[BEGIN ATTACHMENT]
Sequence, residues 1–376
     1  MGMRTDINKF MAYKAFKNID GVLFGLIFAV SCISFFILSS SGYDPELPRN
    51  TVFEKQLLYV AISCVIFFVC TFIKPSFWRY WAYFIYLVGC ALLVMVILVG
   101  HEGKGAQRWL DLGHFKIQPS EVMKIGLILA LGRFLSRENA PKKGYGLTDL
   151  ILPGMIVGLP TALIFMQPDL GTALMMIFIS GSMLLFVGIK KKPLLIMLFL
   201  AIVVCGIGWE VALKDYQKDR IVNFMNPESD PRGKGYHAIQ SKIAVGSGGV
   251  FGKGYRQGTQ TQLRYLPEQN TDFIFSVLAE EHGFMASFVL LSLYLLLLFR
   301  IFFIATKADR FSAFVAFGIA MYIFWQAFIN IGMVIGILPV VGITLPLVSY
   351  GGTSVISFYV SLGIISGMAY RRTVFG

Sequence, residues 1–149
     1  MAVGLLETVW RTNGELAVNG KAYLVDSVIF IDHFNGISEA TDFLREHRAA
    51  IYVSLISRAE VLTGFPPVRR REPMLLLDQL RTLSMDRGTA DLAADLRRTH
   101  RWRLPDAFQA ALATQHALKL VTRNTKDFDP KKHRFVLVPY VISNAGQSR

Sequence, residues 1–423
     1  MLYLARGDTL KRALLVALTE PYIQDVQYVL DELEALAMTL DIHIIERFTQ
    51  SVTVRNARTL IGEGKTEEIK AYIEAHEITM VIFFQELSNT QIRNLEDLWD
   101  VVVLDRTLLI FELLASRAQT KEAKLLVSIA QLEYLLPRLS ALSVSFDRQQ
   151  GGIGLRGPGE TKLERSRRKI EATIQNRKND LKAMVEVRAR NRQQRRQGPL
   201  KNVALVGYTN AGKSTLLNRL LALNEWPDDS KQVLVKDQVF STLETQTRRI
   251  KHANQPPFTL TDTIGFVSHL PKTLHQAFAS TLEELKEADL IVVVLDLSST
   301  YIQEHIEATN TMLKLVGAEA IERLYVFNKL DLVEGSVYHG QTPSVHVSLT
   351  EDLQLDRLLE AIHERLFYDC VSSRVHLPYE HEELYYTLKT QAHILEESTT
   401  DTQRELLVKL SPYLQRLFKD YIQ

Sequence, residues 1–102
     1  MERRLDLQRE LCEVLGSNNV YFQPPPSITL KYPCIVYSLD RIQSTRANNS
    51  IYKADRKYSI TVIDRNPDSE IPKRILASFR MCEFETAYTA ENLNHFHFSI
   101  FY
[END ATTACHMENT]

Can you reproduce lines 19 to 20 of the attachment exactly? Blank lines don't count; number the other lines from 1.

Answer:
   201  KNVALVGYTN AGKSTLLNRL LALNEWPDDS KQVLVKDQVF STLETQTRRI
   251  KHANQPPFTL TDTIGFVSHL PKTLHQAFAS TLEELKEADL IVVVLDLSST